Supporting characters

I’ve been wondering … am I the only person who like supporting characters better than the main characters, regardless of story, genre or media? It’s rare for me to actually identify or like the main character, like maybe around 5% of the time. Not that I dislike the main characters, but I just don’t find them the most interesting or they don’t quite make it to the top of the list.

Main characters I actually liked better than the other characters? Sherlock Holmes, Gregory House (House MD), Artemis Fowl, John Ross (Word and Void, Terry Brooks), Abel Nightroad (Trinity Blood) … That’s about it. Why is the list so short?

If I were to list all my favourite characters which are not main character, the list would be endless. My favourite books, Lord of the Rings, I’d pick Aragorn, Gandalf, Faramir, Denethor. The four hobbits would probably come in Top 10, not Top 5. I prefer Dalben and Gwydion to Taran (Chronicles of Prydain); Sesshoumaru to Inuyasha; Robin to Batman; Roy, Hawkeye, Scar and Alphonse to Edward (FMA); Tezuka, Fuji Syuusuke and Kaidou to Echizen Ryoma (Prince of Tennis); Akira to Hikaru (Hikaru no Go); Arutha and Kulgan to Pug (Riftwar, RE Feist); Belgarath, Polgara and Hettar to Garion (Belgariad, David Eddings); O’mara to Conway (Sector General, James White); Joshua to Simon (MST, Tad Williams); Urd/Skuld to Beldandy/Keichi (AMG); Touya, Yue, Clow to Sakura (CCS); Keiki to Yoko (12 Kingdoms); etc.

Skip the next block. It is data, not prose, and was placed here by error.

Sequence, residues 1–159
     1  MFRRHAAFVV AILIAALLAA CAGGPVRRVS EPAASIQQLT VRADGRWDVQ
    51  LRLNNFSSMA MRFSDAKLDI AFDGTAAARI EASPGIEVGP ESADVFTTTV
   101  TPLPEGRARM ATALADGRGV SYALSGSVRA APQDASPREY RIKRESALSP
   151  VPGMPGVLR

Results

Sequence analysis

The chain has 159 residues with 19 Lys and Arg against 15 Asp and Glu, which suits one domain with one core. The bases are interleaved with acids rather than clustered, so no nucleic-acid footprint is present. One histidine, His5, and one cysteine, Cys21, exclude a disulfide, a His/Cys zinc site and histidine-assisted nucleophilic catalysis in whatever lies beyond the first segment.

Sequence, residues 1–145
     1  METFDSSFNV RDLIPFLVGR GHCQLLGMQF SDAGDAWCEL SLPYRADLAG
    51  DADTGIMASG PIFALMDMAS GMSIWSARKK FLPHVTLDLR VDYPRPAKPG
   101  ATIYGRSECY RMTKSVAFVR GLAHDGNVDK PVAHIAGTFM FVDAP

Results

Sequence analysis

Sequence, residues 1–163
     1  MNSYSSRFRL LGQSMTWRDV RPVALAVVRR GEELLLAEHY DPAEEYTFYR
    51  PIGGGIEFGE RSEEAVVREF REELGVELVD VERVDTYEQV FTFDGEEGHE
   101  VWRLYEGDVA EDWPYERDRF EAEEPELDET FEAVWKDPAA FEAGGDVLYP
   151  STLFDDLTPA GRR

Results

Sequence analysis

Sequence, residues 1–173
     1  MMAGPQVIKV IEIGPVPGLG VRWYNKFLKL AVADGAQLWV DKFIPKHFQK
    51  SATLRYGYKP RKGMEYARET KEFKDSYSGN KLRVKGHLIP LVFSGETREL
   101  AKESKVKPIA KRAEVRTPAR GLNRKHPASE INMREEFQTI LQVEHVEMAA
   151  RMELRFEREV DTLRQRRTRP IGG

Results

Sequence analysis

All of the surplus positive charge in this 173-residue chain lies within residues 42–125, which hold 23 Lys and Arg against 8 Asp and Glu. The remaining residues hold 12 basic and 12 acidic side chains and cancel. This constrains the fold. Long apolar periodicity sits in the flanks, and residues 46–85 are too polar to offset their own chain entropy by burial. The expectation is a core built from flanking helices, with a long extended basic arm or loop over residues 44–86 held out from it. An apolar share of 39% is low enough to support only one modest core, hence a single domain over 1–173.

Even the stories I wrote myself are no exceptions. Why is that?

Looking at the main character list, certain characteristics do stand out. Most of these characters have an aura of mystery about them that the other characters can’t quite figure out. Or they are seen through the filter of another character, such as Sherlock Holmes through the eyes of Watson. Perhaps that is why I like them.

Perhaps this mysterious or unrevealed story/characteristic is part of the charm that piques my interest. A half-veiled character leaves so much more room for the reader/audience’s imagination. Is it a case of less is more? Rare glimpses of the minor character’s development constrast starkly with the rest of the ‘easily accessible’ story line?

Yet one of the axioms of writting is develop your characters. So, is there such a thing as over-developing a character? The main character will be especially susceptible to this.

Then again, maybe it’s just me and my preference for the subtle, unspoken, between the lines character development. When the characters development happen ‘off spotlight’ or almost off-hand. Then again, it might not be a very good way to write or at the very least, not an easy way to write. Pacing gets bogged down or just  turned into boring expositions and incomprehensible reveals. After all, something needs to be said, shown, revealed for the missing pieces to be contrasted against. It’s a tricky business that requires more thought.

Then again, maybe it’s just my silly preference for the stoic silent types that reveal more through their actions than their words.

Or it could be as simple as my liking pretty bishies. 😉

Who knows?

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